In a study examining Illinois’ legal system, the Illinois Civil Justice league has found that case filings in Madison County alone amounted to more than six times the rate of nearly 100 other Illinois counties combined. For those familiar with the local court system, the reason is obvious - asbestos.
The ICJL study, titled Litigation Imbalance III, released on April 14, examines docket trends across all Illinois counties.
“Litigation Imbalance III is the third in a series of reports that examine major civil case filings in Illinois,” stated John Pastuovic, President of the Illinois Civil Justice League. “This latest study has uncovered disturbing data that shows why business has been hesitant to invest in Illinois and has taken meaningful jobs elsewhere.”
Collaborating with the Illinois Lawsuit Abuse Watch, the study compares case filings and verdict totals in Cook, Madison, St. Clair, Jackson, Jefferson and Williamson counties against information in the state’s 96 other counties. The study created a litigation index, determined by the number of cases filed per 1,000 persons of population in the county.
The ICJL released its first report in 2005 and its second report in 2009.
According to its third report, the 2013 litigation index for the counties – not including Cook, Madison and St. Clair counties – is 1.260, which is the lowest in 41 years.
However, in Madison County, lawsuit filings averaged 8.255 per thousand persons, which is double the rate of Cook County, triple the rate of St. Clair County and six and a half times the rate of the other 99 counties in Illinois combined.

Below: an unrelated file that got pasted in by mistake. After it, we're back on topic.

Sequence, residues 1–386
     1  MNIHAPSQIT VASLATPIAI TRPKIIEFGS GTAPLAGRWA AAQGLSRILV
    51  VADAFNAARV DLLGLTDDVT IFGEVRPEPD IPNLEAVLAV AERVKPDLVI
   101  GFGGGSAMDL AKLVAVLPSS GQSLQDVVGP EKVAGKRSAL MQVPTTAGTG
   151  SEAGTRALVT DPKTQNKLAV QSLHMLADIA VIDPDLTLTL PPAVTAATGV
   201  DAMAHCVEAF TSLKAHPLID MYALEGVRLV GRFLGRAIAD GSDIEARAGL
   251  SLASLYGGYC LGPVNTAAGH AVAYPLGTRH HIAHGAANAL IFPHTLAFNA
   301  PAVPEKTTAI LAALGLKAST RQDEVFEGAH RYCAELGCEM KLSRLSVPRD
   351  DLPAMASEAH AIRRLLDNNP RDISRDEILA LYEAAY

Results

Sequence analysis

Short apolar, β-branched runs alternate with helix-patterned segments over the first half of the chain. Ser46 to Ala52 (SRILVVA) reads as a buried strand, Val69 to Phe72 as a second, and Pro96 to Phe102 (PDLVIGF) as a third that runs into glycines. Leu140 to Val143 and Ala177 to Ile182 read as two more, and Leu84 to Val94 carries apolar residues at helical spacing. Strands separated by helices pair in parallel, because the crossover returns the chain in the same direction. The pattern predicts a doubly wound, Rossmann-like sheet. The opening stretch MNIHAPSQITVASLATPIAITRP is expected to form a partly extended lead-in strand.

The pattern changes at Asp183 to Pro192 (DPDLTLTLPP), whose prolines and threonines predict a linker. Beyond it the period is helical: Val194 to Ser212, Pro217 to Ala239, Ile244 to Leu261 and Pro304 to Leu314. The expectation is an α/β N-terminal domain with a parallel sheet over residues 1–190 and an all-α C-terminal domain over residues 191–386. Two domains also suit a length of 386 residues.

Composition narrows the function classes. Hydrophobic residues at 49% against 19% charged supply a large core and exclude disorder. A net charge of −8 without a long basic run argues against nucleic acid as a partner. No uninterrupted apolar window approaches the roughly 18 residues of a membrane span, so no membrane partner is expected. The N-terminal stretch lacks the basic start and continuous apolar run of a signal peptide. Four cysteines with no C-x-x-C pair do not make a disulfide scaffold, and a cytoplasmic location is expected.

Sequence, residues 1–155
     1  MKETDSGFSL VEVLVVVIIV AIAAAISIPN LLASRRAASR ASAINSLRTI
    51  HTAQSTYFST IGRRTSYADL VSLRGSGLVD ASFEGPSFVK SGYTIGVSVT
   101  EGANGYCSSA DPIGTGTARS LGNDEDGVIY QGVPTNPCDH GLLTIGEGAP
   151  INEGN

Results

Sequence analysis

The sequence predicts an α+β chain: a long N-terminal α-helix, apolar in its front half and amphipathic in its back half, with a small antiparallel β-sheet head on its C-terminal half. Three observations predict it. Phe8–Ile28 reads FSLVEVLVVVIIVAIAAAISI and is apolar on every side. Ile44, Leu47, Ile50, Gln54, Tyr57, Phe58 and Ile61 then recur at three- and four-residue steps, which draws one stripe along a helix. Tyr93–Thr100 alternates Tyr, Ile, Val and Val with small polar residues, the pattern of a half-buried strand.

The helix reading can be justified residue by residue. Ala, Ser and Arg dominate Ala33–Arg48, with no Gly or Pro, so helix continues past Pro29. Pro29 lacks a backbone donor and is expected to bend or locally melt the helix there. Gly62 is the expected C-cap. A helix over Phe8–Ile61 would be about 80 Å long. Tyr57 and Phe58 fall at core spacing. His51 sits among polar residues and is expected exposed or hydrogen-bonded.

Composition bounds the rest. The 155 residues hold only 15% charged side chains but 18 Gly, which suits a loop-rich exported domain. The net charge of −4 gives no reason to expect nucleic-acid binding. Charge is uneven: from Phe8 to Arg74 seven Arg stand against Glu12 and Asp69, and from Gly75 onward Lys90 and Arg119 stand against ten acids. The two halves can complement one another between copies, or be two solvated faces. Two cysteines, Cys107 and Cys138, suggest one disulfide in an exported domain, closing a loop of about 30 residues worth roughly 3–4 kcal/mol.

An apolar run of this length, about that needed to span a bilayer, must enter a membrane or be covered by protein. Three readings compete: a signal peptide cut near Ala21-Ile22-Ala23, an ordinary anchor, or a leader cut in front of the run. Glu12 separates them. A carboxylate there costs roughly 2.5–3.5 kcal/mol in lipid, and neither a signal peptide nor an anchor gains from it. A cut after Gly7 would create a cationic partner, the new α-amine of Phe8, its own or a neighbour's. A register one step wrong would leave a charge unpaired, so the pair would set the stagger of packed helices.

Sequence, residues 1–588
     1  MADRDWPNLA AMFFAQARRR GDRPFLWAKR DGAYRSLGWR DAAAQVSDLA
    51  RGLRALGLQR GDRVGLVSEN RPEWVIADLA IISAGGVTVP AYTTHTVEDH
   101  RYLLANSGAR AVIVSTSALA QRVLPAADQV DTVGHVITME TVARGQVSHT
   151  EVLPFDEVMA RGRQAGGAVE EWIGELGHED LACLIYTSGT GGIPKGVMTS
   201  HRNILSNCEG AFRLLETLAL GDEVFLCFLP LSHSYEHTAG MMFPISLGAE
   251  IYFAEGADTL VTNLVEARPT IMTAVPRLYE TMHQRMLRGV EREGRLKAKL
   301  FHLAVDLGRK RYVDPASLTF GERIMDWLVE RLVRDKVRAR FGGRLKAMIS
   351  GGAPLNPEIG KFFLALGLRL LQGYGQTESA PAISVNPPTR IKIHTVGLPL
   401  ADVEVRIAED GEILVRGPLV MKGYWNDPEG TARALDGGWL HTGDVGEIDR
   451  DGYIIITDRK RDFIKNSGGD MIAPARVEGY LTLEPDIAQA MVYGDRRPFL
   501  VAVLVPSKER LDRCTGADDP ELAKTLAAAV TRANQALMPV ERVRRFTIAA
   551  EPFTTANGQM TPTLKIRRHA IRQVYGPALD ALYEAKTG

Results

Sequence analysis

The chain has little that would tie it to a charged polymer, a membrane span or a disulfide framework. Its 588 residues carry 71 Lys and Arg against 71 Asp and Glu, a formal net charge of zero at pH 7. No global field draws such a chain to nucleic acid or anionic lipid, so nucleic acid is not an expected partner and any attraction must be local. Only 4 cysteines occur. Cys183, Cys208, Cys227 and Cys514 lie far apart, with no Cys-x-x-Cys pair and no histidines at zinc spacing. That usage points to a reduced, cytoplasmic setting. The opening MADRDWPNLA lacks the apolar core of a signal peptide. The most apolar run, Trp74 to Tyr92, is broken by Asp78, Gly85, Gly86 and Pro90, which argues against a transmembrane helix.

“Disturbingly, as the statewide and downstate numbers are flat for Illinois as a whole, Madison County has again regained its intensity, reaching 2,206 cases filed in 2013 – equal to the highest filing rate since the court changed reporting procedures in the mid-1990s. The 2013 filing rate represents a 50 percent increase from the average of the previous ten years,” the report states.
The study also says that the number of cases filed per thousand Madison County residents has increased by more than four cases per thousand persons in the past six years. If Cook County increased at the same rate, it would amount to 20,963 new cases.
The ICJL attributes Madison County’s high filing rate to the county’s asbestos docket, calling it a “rocket docket.”
According to the report, Madison County case filings would “fit within statistical averages” if it weren’t for the large number of asbestos cases, most of which aren’t filed on behalf of local residents. In fact, roughly 10 percent of asbestos plaintiffs in Madison County are from Illinois and only 1 percent are from Madison County.
Madison County saw a record breaking year in asbestos case filings in 2013, reaching 1,678, while only 528 non-asbestos cases were filed that same year. If it weren’t for the asbestos docket, the study states that Madison County would have had a litigation index of 1.976.
Despite the large number of asbestos filings, Madison County sees roughly one asbestos trial per year.